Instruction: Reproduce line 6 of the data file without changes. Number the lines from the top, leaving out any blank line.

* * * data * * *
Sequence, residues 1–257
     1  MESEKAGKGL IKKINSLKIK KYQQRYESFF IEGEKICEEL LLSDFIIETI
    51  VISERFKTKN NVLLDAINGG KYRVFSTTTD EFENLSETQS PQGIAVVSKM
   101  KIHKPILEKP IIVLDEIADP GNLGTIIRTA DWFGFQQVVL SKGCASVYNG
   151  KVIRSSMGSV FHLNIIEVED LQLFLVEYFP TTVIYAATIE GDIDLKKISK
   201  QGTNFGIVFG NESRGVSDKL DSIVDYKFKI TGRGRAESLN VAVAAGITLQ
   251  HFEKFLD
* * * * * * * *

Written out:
   201  QGTNFGIVFG NESRGVSDKL DSIVDYKFKI TGRGRAESLN VAVAAGITLQ